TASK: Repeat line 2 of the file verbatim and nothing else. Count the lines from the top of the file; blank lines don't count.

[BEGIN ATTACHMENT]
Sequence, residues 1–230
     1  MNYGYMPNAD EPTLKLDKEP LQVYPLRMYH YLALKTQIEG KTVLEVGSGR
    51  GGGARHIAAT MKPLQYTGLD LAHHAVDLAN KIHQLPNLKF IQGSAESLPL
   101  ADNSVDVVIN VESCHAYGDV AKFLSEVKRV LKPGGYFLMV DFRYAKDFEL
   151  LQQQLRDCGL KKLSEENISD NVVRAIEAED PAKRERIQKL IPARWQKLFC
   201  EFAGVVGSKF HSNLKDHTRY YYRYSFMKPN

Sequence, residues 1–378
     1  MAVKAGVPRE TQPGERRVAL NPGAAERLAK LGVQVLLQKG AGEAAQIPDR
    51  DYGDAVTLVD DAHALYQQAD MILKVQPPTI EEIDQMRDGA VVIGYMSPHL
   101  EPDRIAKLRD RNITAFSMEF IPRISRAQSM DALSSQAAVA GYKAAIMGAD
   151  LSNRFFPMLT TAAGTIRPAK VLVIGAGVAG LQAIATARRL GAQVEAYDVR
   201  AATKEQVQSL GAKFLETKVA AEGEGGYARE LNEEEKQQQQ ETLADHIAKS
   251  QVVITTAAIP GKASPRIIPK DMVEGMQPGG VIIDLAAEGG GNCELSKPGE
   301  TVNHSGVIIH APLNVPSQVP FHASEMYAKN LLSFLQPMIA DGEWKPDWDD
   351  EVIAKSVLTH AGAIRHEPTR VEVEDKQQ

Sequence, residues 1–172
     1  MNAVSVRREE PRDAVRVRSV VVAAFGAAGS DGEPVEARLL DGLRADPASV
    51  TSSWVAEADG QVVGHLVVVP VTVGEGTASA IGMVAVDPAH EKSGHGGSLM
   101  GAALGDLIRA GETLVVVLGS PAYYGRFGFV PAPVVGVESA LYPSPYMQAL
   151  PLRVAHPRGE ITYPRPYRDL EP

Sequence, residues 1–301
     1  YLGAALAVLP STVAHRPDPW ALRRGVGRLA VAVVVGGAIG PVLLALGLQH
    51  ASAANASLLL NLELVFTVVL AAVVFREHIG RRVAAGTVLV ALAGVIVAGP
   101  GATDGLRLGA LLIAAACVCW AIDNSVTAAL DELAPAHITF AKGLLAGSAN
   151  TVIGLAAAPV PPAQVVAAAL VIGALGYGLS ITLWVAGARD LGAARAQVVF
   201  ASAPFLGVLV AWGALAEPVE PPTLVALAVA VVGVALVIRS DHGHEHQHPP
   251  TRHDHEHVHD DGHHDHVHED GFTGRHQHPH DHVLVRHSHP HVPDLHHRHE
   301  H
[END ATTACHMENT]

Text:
     1  MNYGYMPNAD EPTLKLDKEP LQVYPLRMYH YLALKTQIEG KTVLEVGSGR